When planning your drinks accompaniment to your dinner menu why not consider whiskey?
While whiskey is typically enjoyed on its own, or you may have tried traditional Irish pot still with smoked salmon, it may surprise you how versatile whiskey is. With so many different expressions and variations there is a lot to play around with when pairing with food. There is no hard and fast science to food pairing as everyone’s tastes differ however there are a few tried and trusted guidelines.
As with pairing all food and alcohol seek to complement or contrast flavours. You don’t always try to match flavours but rather create a balance in the pairing where neither the whiskey nor food is overpowered. In general, avoid overly spicy food as the alcohol intensifies the spiciness and over powers the flavour of the whiskey. Food cooked in oil or fat works well with the heat of the higher alcohol.
Also, think about the weight and texture of the dish, matching lighter whiskey with a lighter dish and heavier with heavier. The principles of wine matching can also be applied to whiskey pairing. Substitute white wine for lighter pot still or grain whiskeys for red wine substitute whiskeys that have a sherry cask or charred barrel influence that tend to have darker fuller flavours.
If in doubt, there are a couple of foods that work with most whiskies. In general whiskey works well with salty foods, simple bar snacks like mixed nuts or crisps. Experiment with different flavoured crisps to see what they bring out in the whiskey. Another classic food pairing is dark chocolate, go for chocolate with a high cocoa content and rest the whiskey in your mouth allowing the alcohol to evaporate lifting the flavours before tasting the chocolate.
The sweetness of the sherry maturation makes Black Bush a great match for red meat like venison or steak. The heavier body of sherry cask whiskies compliments more powerful flavours of meat dishes, while the addition of some grain in this blend adds a little lightness and makes it a little more approachable. If you are preparing a sauce add a small dash to create synergy.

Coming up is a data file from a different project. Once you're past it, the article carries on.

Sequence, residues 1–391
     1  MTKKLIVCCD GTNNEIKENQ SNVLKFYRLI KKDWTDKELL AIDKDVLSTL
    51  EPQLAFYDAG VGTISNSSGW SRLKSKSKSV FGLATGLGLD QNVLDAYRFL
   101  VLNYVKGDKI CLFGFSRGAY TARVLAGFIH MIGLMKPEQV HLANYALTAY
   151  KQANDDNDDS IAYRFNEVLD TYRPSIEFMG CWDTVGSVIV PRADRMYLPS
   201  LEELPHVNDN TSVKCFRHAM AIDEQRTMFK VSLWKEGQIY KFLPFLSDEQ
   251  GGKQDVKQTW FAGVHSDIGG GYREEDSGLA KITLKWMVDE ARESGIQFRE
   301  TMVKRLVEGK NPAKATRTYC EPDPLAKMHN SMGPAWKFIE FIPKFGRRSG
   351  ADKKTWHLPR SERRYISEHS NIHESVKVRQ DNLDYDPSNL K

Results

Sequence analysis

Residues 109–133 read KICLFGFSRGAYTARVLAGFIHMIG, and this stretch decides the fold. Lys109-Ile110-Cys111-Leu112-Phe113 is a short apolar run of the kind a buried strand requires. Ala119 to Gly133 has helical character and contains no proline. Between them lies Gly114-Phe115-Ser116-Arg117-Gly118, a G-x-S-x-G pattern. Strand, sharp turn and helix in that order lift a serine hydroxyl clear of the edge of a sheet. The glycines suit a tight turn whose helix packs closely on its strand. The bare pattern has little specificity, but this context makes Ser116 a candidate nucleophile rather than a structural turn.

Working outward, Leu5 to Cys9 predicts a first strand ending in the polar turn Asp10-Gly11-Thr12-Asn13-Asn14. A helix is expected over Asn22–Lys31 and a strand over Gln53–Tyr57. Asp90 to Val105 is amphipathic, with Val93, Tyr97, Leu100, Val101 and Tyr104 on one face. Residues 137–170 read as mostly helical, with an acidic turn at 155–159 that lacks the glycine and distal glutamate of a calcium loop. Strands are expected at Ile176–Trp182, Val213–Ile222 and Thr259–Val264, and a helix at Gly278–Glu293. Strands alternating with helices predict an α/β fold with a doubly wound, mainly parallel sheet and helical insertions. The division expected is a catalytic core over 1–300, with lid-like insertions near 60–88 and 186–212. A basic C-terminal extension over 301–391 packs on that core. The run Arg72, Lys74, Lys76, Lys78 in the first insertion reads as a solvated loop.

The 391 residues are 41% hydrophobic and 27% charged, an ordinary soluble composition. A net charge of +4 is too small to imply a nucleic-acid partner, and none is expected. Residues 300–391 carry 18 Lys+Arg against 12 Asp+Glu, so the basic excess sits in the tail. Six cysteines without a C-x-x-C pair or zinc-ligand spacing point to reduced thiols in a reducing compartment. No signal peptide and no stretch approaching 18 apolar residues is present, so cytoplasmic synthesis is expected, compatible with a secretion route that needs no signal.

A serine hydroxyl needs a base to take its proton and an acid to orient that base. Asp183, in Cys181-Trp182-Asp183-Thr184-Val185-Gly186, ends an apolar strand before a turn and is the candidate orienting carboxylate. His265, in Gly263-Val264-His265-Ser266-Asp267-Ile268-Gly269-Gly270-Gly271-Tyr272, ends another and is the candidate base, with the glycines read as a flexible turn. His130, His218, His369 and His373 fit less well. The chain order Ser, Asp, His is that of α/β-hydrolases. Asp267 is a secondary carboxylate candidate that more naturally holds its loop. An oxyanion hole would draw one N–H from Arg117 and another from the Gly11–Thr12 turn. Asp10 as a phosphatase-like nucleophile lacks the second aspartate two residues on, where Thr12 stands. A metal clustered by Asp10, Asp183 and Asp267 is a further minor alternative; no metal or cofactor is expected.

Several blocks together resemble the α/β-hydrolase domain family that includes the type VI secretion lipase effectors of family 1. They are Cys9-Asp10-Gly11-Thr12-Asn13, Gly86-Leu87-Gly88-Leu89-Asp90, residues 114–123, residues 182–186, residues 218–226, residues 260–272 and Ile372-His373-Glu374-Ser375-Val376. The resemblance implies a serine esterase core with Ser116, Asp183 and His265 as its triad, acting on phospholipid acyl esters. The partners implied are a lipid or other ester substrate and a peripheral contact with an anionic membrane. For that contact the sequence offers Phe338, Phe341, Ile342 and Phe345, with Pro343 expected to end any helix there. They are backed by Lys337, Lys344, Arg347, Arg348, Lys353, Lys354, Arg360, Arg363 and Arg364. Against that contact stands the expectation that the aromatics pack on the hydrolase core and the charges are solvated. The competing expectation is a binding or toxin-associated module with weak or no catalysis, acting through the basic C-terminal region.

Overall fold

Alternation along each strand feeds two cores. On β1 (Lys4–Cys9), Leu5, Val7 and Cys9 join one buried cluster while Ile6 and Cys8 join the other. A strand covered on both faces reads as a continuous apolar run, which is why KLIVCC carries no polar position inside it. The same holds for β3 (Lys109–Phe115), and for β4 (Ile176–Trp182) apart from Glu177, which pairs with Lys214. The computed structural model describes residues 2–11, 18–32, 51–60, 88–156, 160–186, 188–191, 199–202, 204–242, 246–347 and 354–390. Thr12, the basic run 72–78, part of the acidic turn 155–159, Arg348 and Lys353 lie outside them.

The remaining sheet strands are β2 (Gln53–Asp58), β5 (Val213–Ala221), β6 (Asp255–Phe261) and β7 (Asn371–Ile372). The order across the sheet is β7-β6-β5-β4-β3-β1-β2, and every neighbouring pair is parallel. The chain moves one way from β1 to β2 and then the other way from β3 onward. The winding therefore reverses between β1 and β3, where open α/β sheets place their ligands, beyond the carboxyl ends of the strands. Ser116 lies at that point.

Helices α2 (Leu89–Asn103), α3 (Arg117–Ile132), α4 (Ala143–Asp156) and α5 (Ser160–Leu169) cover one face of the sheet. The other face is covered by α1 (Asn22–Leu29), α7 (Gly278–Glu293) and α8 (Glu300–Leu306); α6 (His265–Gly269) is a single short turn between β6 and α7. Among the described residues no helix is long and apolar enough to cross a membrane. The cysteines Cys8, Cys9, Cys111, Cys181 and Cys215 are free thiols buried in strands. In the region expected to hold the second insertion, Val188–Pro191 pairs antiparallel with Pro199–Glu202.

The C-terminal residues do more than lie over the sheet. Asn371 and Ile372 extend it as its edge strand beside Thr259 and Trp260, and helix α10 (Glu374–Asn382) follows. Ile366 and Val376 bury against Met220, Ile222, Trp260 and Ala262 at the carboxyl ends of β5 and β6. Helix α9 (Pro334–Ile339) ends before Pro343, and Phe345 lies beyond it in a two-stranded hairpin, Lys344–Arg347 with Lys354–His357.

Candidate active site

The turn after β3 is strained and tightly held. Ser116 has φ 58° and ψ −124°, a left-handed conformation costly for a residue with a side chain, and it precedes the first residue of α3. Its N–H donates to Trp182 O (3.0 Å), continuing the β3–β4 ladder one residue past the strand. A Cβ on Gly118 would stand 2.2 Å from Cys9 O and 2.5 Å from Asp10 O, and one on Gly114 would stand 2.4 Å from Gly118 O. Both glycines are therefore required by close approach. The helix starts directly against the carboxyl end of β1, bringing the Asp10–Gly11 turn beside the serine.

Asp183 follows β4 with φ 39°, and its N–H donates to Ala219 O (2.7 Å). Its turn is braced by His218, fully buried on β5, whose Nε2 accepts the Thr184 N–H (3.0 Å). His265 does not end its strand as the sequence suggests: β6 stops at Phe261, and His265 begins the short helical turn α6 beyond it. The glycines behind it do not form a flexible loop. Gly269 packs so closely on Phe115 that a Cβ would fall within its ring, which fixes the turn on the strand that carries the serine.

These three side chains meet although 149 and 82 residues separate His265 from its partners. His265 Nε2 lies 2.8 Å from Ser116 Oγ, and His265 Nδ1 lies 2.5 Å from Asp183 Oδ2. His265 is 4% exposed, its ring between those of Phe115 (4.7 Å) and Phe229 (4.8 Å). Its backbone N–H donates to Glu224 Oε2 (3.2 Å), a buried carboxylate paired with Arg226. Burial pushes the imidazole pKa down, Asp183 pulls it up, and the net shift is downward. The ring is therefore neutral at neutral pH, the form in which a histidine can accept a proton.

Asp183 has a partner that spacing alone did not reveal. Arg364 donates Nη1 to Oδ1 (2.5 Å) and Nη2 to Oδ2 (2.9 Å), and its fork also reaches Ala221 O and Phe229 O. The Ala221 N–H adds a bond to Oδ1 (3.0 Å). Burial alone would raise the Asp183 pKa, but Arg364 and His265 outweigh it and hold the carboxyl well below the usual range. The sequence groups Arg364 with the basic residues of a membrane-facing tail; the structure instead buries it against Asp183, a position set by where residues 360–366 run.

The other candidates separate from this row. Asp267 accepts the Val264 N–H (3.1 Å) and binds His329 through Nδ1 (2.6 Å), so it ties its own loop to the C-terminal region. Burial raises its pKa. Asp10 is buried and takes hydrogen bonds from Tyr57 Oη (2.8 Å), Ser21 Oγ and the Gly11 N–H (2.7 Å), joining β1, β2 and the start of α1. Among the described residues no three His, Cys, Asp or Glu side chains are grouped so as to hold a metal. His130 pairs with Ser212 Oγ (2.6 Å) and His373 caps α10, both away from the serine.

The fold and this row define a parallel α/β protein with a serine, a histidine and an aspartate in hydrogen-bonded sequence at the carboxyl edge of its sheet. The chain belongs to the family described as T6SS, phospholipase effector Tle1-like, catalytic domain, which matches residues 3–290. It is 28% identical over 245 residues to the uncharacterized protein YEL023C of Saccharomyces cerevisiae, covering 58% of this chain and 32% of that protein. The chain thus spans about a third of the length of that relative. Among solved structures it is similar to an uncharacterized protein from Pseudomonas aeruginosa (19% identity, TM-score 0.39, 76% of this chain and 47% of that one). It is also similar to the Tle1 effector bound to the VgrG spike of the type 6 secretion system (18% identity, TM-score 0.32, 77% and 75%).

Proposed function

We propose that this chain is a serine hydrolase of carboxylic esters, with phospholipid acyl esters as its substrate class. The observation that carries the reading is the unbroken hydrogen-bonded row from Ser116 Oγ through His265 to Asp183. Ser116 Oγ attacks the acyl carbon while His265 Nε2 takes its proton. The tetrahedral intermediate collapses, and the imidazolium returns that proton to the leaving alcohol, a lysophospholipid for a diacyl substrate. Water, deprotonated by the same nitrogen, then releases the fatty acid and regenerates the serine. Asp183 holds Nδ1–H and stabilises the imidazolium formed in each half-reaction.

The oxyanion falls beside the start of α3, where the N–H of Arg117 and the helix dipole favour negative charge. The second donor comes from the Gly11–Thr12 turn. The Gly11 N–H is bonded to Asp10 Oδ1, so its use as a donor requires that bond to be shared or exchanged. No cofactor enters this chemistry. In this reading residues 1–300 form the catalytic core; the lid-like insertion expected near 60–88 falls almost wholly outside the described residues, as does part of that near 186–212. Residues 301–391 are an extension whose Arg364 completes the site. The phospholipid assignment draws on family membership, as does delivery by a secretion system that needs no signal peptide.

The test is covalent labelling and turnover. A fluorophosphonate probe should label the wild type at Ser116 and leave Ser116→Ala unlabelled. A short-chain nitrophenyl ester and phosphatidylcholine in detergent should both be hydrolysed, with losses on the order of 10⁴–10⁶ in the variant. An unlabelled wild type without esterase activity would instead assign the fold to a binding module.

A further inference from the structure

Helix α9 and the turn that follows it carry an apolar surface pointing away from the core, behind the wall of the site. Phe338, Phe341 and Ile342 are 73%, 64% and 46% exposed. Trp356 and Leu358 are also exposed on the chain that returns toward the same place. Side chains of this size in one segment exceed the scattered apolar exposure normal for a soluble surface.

The Whistler 10 year old again has sherry cask finish but longer maturation in ex-bourbon. The earthy, savoury and hint of saltiness works well with lighter seafood dishes while matching with dark chocolate brings out the sweeter spice in the whiskey.
Sweet and fruity grain whiskeys work well with deserts where the lighter intensity and body balances the lighter dish. However, I have gone for something a little bigger and richer with West Cork Distillers Black Cask, a blend of two thirds grain with one third malt whiskey before finishing in extra charred casks. This finish adds more vanilla sweetness to the blend that works exceptionally well with rich chocolate baked deserts.
Hope I have given you some inspiration for your next bottle. All three of the above are included in our big Irish Whiskey Sale. We have over 40 Irish whiskeys on offer, starting March 1st.